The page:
I'll be disappointed if the OP doesn't get back to us & tell us how he worked it out.

    Neal


    I agree with that. I see the listing now (from the link posted in the other thread). I see the seller's description includes: "I fixed it up for my granddaughter..." To me, that says it's been "worked over" even if he specifically didn't disclose the recrown.

    As Neal says above, though, if the recrown is some monstrosity that makes the rifle effectively not useable, I think a return is due. If the recrown is professionally done and does not affect the rifle's performance, then I'd say: no return is due (even though it would have been nice to disclose it specifically like the other work, that had been done on the rifle, was disclosed.)

    As a learning lesson in this case: a few seconds to take and post a picture of the muzzle end, when doing the listing, would have avoided this problem now. The old: "An ounce of prevention is worth a pound of cure."

    If you show all the details of an item when selling something "as is" there is no doubt about what the buyer is buying. Take a look at my listings (which I do "as is") if you want to see examples of how to show all the details, with photos, of an item you're selling: http://www.GunBroker.com/All/BI.aspx?IncludeSellers=147464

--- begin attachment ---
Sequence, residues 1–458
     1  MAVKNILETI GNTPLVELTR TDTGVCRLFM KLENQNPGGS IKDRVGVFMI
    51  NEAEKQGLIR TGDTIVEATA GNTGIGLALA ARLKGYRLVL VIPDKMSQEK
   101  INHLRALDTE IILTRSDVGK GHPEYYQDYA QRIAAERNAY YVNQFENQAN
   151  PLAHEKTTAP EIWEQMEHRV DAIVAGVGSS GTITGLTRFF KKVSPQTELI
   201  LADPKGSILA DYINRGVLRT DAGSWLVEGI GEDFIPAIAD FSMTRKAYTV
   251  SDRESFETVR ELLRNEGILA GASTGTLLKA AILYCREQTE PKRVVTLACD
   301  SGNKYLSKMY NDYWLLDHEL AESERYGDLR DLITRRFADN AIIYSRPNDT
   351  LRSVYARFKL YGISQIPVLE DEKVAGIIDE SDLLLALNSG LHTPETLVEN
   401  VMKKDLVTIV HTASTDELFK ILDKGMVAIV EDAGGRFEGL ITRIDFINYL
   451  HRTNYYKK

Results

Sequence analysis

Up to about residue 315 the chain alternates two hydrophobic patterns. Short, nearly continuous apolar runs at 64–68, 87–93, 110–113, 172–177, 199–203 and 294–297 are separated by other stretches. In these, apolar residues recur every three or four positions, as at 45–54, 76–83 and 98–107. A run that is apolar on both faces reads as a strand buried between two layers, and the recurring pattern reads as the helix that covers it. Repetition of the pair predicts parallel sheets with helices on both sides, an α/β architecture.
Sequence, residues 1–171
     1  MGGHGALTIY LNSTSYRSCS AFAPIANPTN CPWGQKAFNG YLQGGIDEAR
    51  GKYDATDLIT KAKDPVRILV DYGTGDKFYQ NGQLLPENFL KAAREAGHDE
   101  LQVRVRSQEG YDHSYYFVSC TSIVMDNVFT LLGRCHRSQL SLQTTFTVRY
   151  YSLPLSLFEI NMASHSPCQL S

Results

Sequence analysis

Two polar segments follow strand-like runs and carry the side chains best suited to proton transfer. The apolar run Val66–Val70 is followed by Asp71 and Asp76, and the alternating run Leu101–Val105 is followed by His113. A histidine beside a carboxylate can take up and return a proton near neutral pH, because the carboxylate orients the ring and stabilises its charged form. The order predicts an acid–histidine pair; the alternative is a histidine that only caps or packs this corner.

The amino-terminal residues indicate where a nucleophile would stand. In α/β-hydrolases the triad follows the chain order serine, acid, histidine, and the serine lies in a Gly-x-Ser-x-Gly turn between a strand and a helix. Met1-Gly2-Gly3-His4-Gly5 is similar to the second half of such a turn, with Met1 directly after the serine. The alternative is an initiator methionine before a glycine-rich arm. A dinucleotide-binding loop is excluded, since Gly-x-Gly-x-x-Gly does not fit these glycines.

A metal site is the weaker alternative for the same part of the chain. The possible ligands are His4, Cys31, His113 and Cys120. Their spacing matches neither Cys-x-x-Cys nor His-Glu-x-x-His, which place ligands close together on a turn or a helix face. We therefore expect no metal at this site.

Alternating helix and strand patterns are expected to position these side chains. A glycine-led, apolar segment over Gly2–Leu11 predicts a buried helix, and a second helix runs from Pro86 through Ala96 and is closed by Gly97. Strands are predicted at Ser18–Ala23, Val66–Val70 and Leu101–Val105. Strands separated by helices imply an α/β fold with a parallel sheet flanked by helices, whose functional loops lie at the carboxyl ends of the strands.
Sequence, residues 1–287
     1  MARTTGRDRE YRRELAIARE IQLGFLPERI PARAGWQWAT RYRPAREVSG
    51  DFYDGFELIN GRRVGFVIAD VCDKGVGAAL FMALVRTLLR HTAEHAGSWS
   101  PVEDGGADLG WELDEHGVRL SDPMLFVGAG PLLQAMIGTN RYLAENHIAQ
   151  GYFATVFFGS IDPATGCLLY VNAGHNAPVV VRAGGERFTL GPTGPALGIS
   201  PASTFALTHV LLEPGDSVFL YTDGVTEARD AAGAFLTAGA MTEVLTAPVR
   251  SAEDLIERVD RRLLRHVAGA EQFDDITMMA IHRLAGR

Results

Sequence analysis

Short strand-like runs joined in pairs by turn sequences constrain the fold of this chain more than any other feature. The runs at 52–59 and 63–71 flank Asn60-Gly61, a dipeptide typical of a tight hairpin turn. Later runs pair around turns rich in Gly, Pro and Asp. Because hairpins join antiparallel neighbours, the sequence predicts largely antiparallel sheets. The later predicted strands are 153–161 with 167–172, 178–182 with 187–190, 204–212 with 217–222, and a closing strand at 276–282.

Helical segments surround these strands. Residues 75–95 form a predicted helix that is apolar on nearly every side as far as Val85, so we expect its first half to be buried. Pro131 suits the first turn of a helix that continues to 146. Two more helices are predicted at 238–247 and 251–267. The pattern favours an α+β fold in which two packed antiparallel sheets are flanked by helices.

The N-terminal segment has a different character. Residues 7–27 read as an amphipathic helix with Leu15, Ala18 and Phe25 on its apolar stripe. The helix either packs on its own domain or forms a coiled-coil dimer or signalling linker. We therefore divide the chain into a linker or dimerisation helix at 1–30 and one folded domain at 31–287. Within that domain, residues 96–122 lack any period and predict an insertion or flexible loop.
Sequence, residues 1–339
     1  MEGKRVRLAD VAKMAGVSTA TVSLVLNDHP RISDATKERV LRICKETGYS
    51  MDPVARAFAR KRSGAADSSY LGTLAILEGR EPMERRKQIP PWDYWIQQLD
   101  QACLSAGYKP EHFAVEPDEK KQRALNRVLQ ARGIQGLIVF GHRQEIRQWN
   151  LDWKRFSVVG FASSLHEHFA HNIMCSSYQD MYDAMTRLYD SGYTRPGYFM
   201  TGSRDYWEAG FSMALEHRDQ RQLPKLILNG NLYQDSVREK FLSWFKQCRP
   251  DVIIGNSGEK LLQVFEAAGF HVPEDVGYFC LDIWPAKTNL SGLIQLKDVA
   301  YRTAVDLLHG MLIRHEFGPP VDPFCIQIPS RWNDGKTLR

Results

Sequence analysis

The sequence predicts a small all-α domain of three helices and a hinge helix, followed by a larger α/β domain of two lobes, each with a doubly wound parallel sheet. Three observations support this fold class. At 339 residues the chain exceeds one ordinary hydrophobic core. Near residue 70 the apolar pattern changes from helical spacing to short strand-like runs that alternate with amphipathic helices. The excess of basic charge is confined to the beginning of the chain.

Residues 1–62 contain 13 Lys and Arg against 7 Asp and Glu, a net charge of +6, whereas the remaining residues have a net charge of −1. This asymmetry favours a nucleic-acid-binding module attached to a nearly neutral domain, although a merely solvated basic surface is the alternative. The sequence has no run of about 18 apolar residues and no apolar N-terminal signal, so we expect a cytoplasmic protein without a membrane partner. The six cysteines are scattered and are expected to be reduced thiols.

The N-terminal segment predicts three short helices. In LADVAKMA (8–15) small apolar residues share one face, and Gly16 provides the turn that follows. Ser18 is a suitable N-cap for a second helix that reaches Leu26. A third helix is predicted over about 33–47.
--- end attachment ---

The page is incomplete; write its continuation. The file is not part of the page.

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    toad67toad67 Member Posts: 13,019 ✭✭✭✭
    edited November -1
    The buyer should be stuck with it and the seller should have expected some problems. First of all, IMO it's a lame auction and the seller did a poor job. All the pics of the gun, other than a couple of the pad are the middle side of the gun. The description sucks about the condition of the gun itself, and the seller should have asked a few questions. I don't want to know why you butchered the gun, but what cuts of meat are left on it. Personally w/o even a few words describing the condition I would have never even bid w/o contacting the seller. JMHO.

    Todd
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    rsnyder55rsnyder55 Member Posts: 2,526 ✭✭✭
    edited November -1
    Crowning the barrel is not something one usually expects done and should have been mentioned. It is not just a replacement or tuning of a part, it is a machining process. In many cases it is a desired option that would attract buyers and should have been listed as a feature with a picture.

    Not being imformed of this and not seeing the quality of the work prior to purchase was an omission.

    Then again, He may just have buyers remorse as stated earlier and is looking for an excuse to back out.

    I would probably take it back if he paid shipping to return it.